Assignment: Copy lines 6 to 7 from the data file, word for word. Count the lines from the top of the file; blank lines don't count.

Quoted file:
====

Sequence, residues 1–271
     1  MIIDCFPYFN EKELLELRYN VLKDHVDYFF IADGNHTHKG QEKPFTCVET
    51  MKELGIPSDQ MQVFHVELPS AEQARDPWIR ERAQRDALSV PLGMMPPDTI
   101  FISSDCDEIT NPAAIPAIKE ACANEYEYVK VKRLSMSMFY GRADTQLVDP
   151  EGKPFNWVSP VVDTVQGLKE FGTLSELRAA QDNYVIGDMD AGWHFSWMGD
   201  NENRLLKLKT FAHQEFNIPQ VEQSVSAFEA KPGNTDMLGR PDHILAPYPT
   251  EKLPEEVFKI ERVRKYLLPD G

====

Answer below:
   201  NENRLLKLKT FAHQEFNIPQ VEQSVSAFEA KPGNTDMLGR PDHILAPYPT
   251  EKLPEEVFKI ERVRKYLLPD G